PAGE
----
Tuesday, June 25, 2024

Microsoft Details On Using KQL To Hunt For MFA Manipulations

It is difficult to secure cloud accounts from threat actors who exploit multi-factor authentication (MFA) settings.

Threat actors usually alter compromised users’ MFA attributes by bypassing the requirements, disabling MFA for others, or enrolling rogue devices in the system.

They do so stealthily, mirroring helpdesk operations and making it hard to notice the noise of directory audit logs.

To protect themselves against this insidious attack vector on clouds, organizations need to strengthen monitoring and controls around MFA configuration changes.

Cybersecurity researchers at Microsoft recently detailed using the KQL (Kusto Query Language) to hunt for MFA manipulation.

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KQL Hunt For MFA Manipulations

Microsoft Entra audit logs record MFA setting changes, creating two entries: one with a descriptive activity name but lacking details and another “Update User” event showing modified properties in between much noise. 

Analyzing these in the Entra portal is difficult due to data volume, especially for large tenants. However, Kusto Query Language (KQL) can simplify this task. 

The cybersecurity analysts provided ready-to-use KQL queries for Azure Log Analytics and Microsoft Defender 365 Advanced Hunting to help analyze and detect MFA configuration changes in your own tenant.

Data flow of logs related to account manipulation (Source – Microsoft)

This allows enhanced monitoring even if audit logs are only retained for 30 days by default.

There are 3 MFA properties, and here below we have mentioned them:-

  • StrongAuthenticationMethod
  • StrongAuthenticationUserDetails
  • StrongAuthenticationAppDetail

The aim is to detect alterations in a user’s registered MFA and default methods.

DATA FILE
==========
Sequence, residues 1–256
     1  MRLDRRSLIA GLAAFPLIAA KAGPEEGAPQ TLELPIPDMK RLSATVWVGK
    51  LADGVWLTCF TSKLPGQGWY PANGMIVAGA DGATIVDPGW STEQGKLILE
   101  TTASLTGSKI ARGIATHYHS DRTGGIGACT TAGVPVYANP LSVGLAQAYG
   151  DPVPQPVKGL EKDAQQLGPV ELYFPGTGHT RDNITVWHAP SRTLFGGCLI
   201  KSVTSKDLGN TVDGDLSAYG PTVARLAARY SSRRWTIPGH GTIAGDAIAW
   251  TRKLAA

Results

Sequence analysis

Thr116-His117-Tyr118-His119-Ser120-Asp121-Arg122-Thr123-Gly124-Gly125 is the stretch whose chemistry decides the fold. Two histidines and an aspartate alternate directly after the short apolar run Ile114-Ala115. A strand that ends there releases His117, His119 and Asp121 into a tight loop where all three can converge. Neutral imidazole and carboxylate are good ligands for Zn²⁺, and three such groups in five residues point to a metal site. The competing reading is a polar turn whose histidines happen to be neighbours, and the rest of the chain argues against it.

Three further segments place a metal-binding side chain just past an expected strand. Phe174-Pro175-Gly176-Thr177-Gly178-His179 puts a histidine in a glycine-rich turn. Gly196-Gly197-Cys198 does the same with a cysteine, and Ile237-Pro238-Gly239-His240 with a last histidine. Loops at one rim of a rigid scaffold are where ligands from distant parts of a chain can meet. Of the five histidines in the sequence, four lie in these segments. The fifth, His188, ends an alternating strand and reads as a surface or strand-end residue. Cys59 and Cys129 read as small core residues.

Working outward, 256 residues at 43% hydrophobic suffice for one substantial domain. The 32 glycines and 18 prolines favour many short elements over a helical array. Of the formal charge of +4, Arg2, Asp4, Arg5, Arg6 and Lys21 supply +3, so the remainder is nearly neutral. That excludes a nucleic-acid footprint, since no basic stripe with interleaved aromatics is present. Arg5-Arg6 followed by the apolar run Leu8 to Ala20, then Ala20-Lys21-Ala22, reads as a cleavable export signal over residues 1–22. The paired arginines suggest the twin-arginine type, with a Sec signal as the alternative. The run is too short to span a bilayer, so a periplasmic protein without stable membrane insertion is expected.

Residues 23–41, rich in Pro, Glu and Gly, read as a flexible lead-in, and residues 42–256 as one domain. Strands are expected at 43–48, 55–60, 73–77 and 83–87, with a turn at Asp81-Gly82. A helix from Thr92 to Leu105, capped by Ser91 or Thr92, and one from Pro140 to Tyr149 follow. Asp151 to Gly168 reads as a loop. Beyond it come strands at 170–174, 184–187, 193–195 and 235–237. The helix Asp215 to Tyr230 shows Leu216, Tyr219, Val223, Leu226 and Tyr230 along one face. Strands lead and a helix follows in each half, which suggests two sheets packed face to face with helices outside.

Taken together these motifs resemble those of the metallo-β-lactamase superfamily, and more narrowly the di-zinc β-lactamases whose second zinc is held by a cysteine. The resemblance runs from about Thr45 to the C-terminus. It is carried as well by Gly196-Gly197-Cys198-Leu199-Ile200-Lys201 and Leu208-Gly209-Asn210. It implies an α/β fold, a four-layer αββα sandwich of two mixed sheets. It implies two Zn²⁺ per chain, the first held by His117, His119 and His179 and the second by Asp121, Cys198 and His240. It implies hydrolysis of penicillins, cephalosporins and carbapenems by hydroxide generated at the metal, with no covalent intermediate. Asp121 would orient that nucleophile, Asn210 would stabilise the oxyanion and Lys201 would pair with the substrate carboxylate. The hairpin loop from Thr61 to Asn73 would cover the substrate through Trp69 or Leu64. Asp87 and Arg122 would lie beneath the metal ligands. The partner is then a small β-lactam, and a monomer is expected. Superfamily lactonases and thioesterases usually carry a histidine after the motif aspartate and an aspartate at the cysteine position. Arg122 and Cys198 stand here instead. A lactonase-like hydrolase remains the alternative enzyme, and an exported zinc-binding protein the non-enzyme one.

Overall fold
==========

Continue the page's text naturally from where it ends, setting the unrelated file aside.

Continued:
Researchers used KQL to filter out entries from the logs that may have timestamps, actors, and targets alongside their changed, old, and new values. Rows are generated for multiple changed properties.

The results indicate modified MFA settings by certain users, the people who altered them, and where further investigation should concentrate.

Security analysts compare OldValue and NewValue to detect changes in MFA details like added or modified emails and phone numbers. The output shows examples that may or may not be expected. 

To hunt manipulations, they extend the query to look for MFA details added across multiple users within a timeframe, surfacing potentially rogue email addresses or phone numbers provisioned altogether. 

They can also monitor for users switching phone numbers to a different country code by checking if the first 3 characters changed between old and new values. 

These queries allow for identifying suspicious MFA configuration changes at scale.

DeviceName and DeviceToken identify devices registered for Authenticator App logins. Contrasting the OldValue and NewValue shows when users add or remove the devices. 

Checking DeviceToken across users detects if one device is registered across multiple accounts, potentially indicating compromised accounts used by an attacker to persist multi-factor access. 

While sometimes done by IT admins, reusing devices across accounts is generally insecure unless both belong to the same user.

As multi-factor authentication (MFA) becomes more widespread, attackers increasingly focus on MFA for initial access obtained through token hijacking or stealing and social engineering attacks.

Account authentication methods are frequently changed after a first compromise.

Knowing about Microsoft Entra Audit Logs of MFA modification events will help detect any suspicious activities related to MFA, such as illegal scenarios, across your organization, leading to quick investigation and remediation.

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Tushar Subhra Dutta
Tushar Subhra Dutta
Tushar is a Cyber security content editor with a passion for creating captivating and informative content. With years of experience under his belt in Cyber Security, he is covering Cyber Security News, technology and other news.

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